HeLa cells in a ΔT35 dish (Bioptechs) were infected with rSeVLeGFP or rSeVh(HN+F)LeGFP for 18 h, then the movement of LeGFP was recorded using a Leica DMIRB inverted fluorescence microscope equipped with Image-Pro Plus software (Mediacybernetics) while maintaining the cells at 37°C on a ΔTC3 temperature-controlled stage. The video image data were analyzed using NIH ImageJ software.

Supporting Information

Video S1.

Movement of LeGFP in rSeVLeGFP-infected A549 cells. Live infected cells were observed using a Leica DMIRB inverted fluorescence microscope equipped with Image-Pro Plus software. The movements of LeGFP were recorded while maintaining the cells at 37°C.



Video S2.

Movement of LeGFP in rSeVh(HN+F)LeGFP-infected A549 cells. Live infected cells were observed using a Leica DMIRB inverted fluorescence microscope equipped with Image-Pro Plus software. The movements of LeGFP were recorded while maintaining the cells at 37°C.




We thank Allen Portner (St. Jude Children's Research Hospital) for providing antibodies and Leslie MacDonald for technical assistance. For the microscopy data, we would like to thank Linda Callahan for the use of the URMC Confocal and Conventional Microscopy Core and Brian Ward for the use of his Leica DMIRB inverted light microscope.

Author Contributions

Conceived and designed the experiments: RS TT. Performed the experiments: RS TT. Analyzed the data: RS TT. Contributed reagents/materials/analysis tools: RS TT. Wrote the paper: RS TT.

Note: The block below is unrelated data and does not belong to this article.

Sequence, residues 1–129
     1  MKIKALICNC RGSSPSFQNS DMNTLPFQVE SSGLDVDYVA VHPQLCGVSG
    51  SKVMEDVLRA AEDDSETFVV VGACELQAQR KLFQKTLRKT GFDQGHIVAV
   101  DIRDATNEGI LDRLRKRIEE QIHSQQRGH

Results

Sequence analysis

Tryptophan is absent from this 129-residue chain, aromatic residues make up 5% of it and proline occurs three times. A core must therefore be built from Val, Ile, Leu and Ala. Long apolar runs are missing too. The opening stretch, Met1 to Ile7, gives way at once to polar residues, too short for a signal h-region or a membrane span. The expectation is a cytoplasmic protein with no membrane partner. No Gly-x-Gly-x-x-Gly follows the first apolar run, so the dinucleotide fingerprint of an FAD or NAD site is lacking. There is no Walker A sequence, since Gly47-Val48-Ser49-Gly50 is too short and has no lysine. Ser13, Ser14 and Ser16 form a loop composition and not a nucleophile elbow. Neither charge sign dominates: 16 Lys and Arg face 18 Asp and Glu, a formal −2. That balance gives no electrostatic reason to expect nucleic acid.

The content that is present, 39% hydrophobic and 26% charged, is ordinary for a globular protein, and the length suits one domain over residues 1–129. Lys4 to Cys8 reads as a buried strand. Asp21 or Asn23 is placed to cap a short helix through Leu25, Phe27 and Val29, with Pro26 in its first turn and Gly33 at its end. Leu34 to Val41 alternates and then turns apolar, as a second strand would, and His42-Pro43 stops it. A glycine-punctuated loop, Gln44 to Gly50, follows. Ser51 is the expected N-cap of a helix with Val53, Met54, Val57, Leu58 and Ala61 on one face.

1. 1. Takimoto T, Portner A (2004) Molecular mechanism of paramyxovirus budding. Virus Res 106: 133–145. doi: 10.1016/j.virusres.2004.08.010
  2. 2. Coronel EC, Takimoto T, Murti KG, Varich N, Portner A (2001) Nucleocapsid incorporation into parainfluenza virus is regulated by specific interaction with matrix protein. J Virol 75: 1117–1123. doi: 10.1128/JVI.75.3.1117-1123.2001
  3. 3. Lamb RA, Parks GD (2007) Paramyxoviridae: the viruses and their replication. In: Knipe DM, Howley PM, editors. Fields Virology. 5th edition ed. Philadelphia, PA: Lippincott Williams & Wilkins. pp. 1449–1496.
  4. 4. Ali A, Nayak DP (2000) Assembly of Sendai virus: M protein interacts with F and HN proteins and with the cytoplasmic tail and transmembrane domain of F protein. Virology 276: 289–303. doi: 10.1006/viro.2000.0556
  5. 5. Sanderson CM, McQueen NL, Nayak DP (1993) Sendai virus assembly: M protein binds to viral glycoproteins in transit through the secretory pathway. J Virol 67: 651–663.
  6. 6. Chambers R, Takimoto T (2010) Trafficking of Sendai virus nucleocapsids is mediated by intracellular vesicles. PLoS One 5: e10994. doi: 10.1371/journal.pone.0010994
  7. 7. Bruce EA, Stuart A, McCaffrey MW, Digard P (2012) Role of the Rab11 pathway in negative-strand virus assembly. Biochem Soc Trans 40: 1409–1415. doi: 10.1042/BST20120166